• provision of services throughout the life-course, based on individual needs, and noting the link between the health and social sectors;
  • integration of public health services, as well as secondary and tertiary services, into PHC;
  • increases in the prestige of the PHC workforce and inclusion of continuous training from the early stages of its education; and
  • provision of adequate financing, improved access to essential medicines and better use of information and communication technology

Dr Salidat Kairbekova, Minister of Health of Kazakhstan, underlined her country’s commitment to developing PHC, both in bringing health experts together to mark the anniversaries of the Declaration and in opening a WHO geographically dispersed office on PHC in Almaty. With support from WHO and partners including the United Nations Children’s Fund (UNICEF), Kazakhstan was improving training for PHC staff in remote areas and emphasizing joint responsibility for health with citizens.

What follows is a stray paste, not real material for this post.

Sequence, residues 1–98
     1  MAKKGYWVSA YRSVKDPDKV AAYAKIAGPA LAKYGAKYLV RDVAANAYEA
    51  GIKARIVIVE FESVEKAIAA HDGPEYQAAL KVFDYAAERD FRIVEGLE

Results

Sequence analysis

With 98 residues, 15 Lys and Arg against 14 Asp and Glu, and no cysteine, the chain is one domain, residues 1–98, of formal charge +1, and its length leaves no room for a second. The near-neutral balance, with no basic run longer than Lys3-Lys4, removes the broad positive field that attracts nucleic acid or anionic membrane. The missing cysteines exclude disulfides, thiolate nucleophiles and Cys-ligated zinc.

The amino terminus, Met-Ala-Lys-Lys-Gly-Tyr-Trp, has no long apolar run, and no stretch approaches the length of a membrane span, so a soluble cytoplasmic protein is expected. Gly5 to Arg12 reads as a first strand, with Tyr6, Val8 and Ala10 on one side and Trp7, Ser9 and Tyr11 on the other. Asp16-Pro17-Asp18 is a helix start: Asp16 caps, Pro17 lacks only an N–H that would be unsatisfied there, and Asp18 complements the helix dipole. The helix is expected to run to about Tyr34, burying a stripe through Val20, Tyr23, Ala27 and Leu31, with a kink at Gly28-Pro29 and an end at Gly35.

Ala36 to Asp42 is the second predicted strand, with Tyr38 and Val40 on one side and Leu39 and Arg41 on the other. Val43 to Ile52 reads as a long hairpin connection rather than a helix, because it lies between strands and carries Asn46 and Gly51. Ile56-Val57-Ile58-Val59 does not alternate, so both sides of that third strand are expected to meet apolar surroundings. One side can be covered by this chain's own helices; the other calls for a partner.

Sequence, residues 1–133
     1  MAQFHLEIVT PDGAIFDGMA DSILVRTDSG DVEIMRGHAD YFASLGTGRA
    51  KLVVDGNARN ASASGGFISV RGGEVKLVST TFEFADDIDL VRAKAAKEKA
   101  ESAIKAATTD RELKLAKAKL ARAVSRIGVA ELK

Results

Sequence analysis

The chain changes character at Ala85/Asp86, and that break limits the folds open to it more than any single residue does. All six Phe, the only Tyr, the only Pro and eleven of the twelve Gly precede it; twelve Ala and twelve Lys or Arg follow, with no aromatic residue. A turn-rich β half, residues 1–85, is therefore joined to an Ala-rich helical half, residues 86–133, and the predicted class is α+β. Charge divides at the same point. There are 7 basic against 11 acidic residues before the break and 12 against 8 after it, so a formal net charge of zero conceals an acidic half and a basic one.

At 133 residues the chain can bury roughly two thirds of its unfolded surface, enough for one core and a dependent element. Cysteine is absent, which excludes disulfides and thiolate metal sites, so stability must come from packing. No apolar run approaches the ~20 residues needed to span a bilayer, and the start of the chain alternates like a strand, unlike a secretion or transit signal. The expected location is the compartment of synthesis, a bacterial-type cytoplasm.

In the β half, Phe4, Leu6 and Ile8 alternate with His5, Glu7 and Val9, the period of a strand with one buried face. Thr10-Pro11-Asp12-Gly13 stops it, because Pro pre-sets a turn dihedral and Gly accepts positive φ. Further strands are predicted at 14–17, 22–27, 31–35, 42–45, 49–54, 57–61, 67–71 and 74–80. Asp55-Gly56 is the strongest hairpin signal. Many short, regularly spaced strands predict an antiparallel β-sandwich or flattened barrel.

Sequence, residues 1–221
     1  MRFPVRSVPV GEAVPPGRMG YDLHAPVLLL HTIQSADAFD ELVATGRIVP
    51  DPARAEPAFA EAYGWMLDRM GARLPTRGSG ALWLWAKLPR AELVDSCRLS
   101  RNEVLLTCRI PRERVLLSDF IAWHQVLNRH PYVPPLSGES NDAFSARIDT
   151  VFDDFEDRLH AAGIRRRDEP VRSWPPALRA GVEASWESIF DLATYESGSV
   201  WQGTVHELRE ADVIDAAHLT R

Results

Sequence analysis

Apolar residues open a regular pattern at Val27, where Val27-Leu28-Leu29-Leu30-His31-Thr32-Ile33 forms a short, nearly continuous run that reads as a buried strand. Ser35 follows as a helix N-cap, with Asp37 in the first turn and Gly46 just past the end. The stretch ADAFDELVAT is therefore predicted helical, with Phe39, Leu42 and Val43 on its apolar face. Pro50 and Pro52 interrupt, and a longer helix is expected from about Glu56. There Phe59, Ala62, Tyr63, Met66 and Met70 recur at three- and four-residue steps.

Several countries expressed support for the reinforcement of the PHC concept, and their commitment to further developing it.

WHO European Ministerial Conference on the Prevention and Control of Noncommunicable Diseases in the Context of Health 2020

The Ashgabat Declaration was a major outcome of the Conference, held in Ashgabat, Turkmenistan in December 2013 and hosted by the Government of Turkmenistan. The Declaration identified three areas of commitment to addressing noncommunicable diseases (NCDs) that fully conformed with Health 2020 and the global action plan for the prevention and control of NCDs: acting across the whole of government, and accelerating both national action and action to protect present and future generations from the devastating consequences of tobacco.